When you file a Chapter 7 bankruptcy petition, the means test is applied to make sure that you really need to file bankruptcy and that you aren’t “abusing” the system. That might sound confusing, but it’s in most cases a simple test, and the majority of debtors do ultimately qualify for Chapter 7 bankruptcy.
The Chapter 7 means test can be thought of as consisting of two stages:
The first stage of the test compares a calculation of your annualized income, based on your average monthly gross income over the 6 months before your petition is filed, to the median income for your area and household size. If your monthly income falls at or below the median, the means test is over – there is no ‘presumption of abuse’ and you can file for bankruptcy under Chapter 7.
That median is determined by your geographic location and the size of your family. In the state of Pennsylvania, for example, the median income figures for cases filed on or after 10/1/2008 are as follows:
· Household size 1: $43,036
· Household size 2: $51,051
· Household size 3: $64,775
· Household size 4: $75,867
If your income exceeds these medians, it doesn’t necessarily mean that you can’t file under Chapter 7. Instead, it triggers the second stage of the test. In this second step, allowable expenses (which are based on regularly inflation-adjusted IRS standards, such as the standard $489 deduction allowed for the debtor’s car payment expense) are deducted from your monthly income. The amount that’s left over after those allowable expenses is your ‘disposable income’. That number is multiplied by 60 to determine how much disposable income you’ll have over the next five years.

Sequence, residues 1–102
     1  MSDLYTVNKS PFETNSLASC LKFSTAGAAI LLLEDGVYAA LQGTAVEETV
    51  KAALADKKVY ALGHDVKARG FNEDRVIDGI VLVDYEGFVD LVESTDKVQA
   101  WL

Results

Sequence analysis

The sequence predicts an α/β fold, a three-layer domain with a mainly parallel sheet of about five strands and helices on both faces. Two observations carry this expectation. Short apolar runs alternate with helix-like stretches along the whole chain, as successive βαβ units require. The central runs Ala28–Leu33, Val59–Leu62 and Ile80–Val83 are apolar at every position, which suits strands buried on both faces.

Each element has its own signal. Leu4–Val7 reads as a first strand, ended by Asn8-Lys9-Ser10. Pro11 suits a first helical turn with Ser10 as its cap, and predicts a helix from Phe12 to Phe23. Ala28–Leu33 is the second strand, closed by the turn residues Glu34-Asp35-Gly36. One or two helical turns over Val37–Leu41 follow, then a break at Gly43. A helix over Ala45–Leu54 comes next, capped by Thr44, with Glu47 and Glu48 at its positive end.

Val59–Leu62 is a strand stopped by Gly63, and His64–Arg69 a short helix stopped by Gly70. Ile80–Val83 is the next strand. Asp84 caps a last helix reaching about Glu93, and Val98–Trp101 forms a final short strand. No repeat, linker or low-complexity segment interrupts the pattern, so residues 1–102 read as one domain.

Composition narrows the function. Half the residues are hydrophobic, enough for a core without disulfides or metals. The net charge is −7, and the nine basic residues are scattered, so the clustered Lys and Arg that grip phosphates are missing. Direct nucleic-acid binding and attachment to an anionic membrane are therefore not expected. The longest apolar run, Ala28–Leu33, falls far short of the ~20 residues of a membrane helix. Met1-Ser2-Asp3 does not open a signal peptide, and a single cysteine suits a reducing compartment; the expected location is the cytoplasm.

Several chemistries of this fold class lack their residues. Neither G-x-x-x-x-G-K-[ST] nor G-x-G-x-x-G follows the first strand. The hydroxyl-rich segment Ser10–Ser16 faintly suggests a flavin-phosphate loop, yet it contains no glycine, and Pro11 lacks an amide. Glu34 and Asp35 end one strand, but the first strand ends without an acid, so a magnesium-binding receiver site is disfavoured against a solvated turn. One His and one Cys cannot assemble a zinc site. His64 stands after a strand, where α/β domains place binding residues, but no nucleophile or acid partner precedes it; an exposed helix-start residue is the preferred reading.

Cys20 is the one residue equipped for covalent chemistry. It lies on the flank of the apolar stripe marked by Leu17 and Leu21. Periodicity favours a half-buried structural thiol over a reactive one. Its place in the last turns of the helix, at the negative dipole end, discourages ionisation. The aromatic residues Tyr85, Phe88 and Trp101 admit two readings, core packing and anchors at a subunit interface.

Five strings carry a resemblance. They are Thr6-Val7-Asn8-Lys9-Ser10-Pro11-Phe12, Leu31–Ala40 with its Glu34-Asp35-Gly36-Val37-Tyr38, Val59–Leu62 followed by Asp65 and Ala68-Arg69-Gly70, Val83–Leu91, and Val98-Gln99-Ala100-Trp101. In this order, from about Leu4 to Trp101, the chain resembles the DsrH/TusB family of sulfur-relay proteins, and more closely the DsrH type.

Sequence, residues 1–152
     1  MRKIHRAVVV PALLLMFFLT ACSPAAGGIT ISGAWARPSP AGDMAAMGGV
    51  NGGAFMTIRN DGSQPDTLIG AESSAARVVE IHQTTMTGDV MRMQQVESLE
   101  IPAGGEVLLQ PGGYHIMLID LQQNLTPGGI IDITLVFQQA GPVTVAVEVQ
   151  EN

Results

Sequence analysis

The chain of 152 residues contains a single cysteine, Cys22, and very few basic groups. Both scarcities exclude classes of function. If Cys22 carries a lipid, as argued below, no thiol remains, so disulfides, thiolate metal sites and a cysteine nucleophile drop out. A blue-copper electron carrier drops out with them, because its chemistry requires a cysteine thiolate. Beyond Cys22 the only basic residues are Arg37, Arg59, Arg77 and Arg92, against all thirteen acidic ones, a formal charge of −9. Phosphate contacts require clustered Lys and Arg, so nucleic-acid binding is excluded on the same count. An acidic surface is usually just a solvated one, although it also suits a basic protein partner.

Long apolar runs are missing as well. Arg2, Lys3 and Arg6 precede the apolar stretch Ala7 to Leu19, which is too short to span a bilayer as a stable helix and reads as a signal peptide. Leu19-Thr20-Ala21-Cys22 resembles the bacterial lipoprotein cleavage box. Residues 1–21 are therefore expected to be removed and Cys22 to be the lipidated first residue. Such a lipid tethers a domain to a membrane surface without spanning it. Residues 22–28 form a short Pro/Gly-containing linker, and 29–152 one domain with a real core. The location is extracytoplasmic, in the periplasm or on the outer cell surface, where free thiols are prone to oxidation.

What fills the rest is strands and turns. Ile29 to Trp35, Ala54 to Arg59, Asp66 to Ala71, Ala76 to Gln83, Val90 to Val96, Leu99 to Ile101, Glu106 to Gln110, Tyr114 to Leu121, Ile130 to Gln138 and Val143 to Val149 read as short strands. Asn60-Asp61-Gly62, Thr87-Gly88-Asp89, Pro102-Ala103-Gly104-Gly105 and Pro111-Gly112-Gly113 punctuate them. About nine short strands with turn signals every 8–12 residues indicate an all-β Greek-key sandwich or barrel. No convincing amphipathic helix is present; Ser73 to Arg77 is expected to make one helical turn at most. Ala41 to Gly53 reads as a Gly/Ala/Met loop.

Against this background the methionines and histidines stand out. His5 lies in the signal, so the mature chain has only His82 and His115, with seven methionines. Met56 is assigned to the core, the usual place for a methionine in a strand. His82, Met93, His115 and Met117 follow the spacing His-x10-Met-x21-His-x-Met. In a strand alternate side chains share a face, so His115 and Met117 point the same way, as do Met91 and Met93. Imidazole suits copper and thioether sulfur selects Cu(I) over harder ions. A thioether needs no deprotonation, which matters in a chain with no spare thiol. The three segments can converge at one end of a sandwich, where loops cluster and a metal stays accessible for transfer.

If that total is less than $6,575, the means test is again over – there is no ‘presumption of abuse’ and you can file bankruptcy under Chapter 7. If the total is more than $10,950, there is a presumption of abuse. In such a case, there is very likely to be filed against you an objection by the case trustee alleging abuse under Section 707(b). Your Chapter 7 discharge is in serious jeopardy at this point; this scenario therefore needs to be anticipated and avoided in advance.
If the total disposable income for the five year period falls between $6,575 and $10,950, then an extra calculation is necessary: Your expected disposable income over the next five year – that number between $6,575 and $10,950 – is compared to the total of your non-priority unsecured debts. If your 5-year disposable income is less than 25% of the total of those debts, the presumption does not arise.
Be aware, however, that even if you’ve “passed” the means test, the trustee can still raise the issue of ‘abuse’ if circumstances of a particular case warrant it. For example, the trustee might argue “abuse” if your income less your ‘actual’ (as opposed to the above described IRS standard) expenses still leaves enough disposable income to ‘fund’ a Chapter 13 plan. Your bankruptcy attorney will be able to tell you what sort of other circumstances might also trigger a challenge from the trustee. Again, if you are to achieve a discharge under Chapter 7, these scenarios need to be anticipated and avoided in advance.
David Romito is a Bankruptcy Attorney handling matters in Pittsburgh and the Western District of Pennsylvania. For more answers to your bankruptcy questions, please visit his website at Pittsburgh Bankruptcy Attorney .